Some asthma and spondylitis treatments can overlap, and others focus on spondylitis alone. Talk to your asthma doctor and your rheumatologist about what drugs or treatments might be best for you when dealing with both conditions.
Nonsteroidal anti-inflammatory drugs are often the first line of defense when treating AS. Although the strongest of these drugs are only available via prescription, both ibuprofen and naproxen can be purchased over the counter.
Disease-modifying antirheumatic drugs target the immune system. They help reduce the immune response that causes AS, decreasing the related pain and swelling.
Drugs in this category that have been developed more recently are called biologics. Biologics are genetically engineered proteins derived from living organisms. These drugs work by targeting specific components in the immune system that drive inflammation, including tumor necrosis factor-alpha (TNF-α).
Some antirheumatic biologics used to treat AS, such as TNF-α inhibitors (anti-TNF), can also alter levels of T cells to reduce inflammation and ease asthma symptoms. According to one study, one type of medication may help treat both conditions at the same time. This research found that a particular type of biologic (known as a humanized anti-IgE monoclonal antibody) allowed participants with asthma to decrease or stop their use of corticosteroids to control their symptoms.
Corticosteroids are an effective short-term solution for managing acute AS flares. Because corticosteroids reduce inflammation throughout the body, these drugs may improve asthma symptoms and AS symptoms.
There are several ways you can help manage symptoms of spondylitis that don’t involve taking medications. You can work with your doctor or other health care provider to determine which approaches to use alongside other AS treatments.
Physical therapy can help people with spondylitis stabilize their joints, reduce their pain, maintain their mobility, and improve strength and balance. Physical therapists help you change and adjust the ways you sit, stand, move, and more so that you don’t aggravate your AS back pain. This approach may also help reduce lower back pain and spasms from asthmatic coughing.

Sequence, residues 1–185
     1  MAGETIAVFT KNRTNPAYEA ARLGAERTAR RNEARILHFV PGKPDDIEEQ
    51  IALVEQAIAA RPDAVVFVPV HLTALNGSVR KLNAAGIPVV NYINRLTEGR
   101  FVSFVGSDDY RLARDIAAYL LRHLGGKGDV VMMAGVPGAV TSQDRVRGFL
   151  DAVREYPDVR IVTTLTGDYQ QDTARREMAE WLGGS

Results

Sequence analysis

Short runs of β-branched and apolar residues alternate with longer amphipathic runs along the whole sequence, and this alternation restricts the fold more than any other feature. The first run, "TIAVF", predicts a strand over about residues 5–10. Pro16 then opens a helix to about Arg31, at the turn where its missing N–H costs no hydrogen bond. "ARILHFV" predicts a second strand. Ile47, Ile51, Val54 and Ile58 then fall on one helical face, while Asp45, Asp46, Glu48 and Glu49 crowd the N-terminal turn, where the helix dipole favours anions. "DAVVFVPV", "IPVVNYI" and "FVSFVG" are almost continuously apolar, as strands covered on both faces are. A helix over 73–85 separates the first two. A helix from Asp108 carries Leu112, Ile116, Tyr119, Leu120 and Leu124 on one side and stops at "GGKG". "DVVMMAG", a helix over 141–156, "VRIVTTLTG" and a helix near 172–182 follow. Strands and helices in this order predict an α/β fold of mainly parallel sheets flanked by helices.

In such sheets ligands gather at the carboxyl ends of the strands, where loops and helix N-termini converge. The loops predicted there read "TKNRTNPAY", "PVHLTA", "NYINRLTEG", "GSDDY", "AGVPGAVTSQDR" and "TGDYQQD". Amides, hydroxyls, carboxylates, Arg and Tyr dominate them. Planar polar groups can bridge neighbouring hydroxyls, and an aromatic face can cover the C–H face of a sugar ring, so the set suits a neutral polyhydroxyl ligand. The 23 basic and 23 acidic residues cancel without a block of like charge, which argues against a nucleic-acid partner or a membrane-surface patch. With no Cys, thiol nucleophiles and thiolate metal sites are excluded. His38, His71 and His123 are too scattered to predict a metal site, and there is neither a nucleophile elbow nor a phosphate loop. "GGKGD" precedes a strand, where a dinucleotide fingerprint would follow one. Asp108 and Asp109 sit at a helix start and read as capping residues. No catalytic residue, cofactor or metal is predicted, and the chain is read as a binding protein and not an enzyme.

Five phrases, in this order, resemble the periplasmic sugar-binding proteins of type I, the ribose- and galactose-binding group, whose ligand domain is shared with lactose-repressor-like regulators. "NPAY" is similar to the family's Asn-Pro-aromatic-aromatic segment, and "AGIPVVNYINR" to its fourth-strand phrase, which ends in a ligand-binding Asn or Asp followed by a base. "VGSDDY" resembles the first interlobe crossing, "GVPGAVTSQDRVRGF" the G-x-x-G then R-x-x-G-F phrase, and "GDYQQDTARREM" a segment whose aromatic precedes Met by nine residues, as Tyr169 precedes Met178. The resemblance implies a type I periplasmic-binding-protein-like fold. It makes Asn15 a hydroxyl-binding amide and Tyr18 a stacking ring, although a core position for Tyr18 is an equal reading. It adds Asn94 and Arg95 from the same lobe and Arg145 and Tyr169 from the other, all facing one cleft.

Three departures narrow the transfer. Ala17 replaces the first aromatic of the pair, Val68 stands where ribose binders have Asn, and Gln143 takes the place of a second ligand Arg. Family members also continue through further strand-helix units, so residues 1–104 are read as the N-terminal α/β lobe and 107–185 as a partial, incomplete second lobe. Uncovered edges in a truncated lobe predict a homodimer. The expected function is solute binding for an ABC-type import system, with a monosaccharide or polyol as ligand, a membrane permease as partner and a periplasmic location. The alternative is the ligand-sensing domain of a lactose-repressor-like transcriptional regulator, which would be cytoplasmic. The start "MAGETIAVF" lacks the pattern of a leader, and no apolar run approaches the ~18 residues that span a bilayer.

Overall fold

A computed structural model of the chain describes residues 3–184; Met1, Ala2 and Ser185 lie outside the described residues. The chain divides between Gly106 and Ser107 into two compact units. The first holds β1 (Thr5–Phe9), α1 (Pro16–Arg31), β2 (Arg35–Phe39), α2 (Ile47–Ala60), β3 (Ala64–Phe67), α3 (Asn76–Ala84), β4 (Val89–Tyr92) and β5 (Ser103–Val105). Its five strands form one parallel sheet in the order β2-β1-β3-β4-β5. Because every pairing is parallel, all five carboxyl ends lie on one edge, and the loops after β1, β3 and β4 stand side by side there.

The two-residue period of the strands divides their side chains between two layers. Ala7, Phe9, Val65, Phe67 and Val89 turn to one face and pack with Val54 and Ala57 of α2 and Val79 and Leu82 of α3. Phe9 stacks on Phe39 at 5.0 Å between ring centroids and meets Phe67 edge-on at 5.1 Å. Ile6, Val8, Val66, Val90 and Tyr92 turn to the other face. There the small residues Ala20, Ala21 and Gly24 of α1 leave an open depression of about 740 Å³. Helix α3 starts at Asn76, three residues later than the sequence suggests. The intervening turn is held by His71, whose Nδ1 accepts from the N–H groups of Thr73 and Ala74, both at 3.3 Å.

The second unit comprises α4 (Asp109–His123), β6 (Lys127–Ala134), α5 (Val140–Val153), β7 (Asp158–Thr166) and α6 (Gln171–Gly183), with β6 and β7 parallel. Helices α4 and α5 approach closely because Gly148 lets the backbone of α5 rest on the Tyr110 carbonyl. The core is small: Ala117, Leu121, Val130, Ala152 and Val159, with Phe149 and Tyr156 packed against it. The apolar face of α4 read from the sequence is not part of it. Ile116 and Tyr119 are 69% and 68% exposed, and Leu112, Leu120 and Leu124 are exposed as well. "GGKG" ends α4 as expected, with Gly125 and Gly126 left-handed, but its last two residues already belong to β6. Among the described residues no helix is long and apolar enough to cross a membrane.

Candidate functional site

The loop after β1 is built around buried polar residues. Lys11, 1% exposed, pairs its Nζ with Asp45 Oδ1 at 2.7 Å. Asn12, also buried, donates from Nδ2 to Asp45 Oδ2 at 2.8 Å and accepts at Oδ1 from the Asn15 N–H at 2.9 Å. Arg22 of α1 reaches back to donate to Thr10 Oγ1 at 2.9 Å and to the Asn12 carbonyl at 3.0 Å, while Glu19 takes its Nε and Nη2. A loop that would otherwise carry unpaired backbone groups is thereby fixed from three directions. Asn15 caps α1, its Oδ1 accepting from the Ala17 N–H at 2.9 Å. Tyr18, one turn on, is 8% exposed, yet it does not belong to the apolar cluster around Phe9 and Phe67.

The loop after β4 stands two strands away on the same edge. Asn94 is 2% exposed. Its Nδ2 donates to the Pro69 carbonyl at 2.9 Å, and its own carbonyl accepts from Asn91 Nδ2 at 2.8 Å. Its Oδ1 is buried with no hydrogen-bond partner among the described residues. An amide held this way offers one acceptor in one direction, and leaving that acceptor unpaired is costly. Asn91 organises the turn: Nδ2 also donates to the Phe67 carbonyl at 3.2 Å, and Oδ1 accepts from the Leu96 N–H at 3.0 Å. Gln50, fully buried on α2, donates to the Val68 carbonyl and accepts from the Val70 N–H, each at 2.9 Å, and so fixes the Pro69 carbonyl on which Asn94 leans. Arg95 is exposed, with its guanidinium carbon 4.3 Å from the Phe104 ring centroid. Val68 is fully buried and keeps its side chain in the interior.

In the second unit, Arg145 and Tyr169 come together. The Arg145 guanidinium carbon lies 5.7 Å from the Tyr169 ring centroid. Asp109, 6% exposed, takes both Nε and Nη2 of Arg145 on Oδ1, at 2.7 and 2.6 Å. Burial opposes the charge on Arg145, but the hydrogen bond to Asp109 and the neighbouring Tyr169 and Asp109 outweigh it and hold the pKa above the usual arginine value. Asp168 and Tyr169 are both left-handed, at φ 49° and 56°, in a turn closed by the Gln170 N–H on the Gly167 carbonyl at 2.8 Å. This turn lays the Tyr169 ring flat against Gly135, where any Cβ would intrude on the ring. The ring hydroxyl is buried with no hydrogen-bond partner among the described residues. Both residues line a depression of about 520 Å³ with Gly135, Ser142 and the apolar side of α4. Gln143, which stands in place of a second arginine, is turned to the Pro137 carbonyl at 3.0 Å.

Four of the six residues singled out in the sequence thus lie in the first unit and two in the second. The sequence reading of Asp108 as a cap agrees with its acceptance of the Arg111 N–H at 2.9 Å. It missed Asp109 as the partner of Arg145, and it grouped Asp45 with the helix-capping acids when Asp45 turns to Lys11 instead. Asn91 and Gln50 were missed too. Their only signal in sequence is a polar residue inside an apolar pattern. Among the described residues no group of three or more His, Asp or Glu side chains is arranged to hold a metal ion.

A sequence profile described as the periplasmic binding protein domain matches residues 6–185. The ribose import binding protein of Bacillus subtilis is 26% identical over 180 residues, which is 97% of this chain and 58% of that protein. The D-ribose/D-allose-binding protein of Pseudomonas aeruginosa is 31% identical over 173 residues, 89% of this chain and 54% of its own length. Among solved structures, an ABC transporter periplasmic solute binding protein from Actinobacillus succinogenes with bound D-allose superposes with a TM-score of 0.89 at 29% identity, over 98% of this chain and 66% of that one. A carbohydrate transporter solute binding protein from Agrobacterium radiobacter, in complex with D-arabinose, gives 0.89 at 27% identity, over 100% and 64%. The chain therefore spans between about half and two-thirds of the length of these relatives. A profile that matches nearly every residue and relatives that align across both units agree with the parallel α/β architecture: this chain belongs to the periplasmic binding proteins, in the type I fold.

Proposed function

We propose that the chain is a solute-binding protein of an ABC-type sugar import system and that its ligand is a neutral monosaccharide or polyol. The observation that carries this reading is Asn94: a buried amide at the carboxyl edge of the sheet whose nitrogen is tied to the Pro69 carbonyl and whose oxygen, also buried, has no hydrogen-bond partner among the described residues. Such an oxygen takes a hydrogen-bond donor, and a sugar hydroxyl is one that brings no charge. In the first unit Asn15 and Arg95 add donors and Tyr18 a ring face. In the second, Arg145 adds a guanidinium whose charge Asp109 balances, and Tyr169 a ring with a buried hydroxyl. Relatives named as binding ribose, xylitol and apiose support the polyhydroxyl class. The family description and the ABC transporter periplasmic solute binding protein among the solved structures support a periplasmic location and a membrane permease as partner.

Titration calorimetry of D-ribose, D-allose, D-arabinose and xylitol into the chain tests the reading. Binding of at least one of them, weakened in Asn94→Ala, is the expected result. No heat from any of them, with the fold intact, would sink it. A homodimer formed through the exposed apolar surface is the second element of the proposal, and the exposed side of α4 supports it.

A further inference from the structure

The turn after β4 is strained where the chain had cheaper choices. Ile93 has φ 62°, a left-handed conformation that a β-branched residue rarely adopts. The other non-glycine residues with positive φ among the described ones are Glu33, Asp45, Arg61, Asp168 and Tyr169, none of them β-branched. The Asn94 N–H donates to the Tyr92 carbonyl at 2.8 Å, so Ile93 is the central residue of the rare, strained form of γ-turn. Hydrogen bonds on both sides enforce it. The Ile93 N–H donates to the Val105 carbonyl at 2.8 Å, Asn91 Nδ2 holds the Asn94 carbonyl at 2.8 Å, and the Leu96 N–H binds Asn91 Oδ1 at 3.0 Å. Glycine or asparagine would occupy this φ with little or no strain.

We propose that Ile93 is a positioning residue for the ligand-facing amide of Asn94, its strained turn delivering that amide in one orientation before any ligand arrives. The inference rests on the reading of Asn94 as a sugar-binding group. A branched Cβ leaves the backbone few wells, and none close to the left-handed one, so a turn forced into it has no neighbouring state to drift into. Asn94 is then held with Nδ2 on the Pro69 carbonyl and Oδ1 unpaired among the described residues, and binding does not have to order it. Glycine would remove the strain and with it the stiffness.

Regular exercise is important for managing asthma and AS, so try to find ways to fit exercise into your daily routine. Allow yourself plenty of time to take breaks and rest. Finding an activity you enjoy can be particularly helpful. If you like gardening, for example, spending even 30 minutes each day raking the yard or pulling weeds can help get you moving more regularly.
Meditation can help people who deal with chronic pain, like those diagnosed with AS, to feel better. Meditation helps with managing pain and has been found to raise perceived quality of life and sense of well-being. Meditation can also help lower stress levels, making it a powerful tool, as stress can trigger AS and asthma flares.
Deep-breathing exercises can be beneficial for both asthma and AS symptoms. Practicing breathing exercises on a regular basis may help stave off chest stiffness caused by AS and increase oxygen levels with conditions like asthma. You can try these breathing exercises recommended by the American Lung Association or see a pulmonary rehabilitation specialist for tailored exercises.
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Do you have spondylitis and asthma? Share your experience in the comments below or start a conversation on MyAsthmaTeam.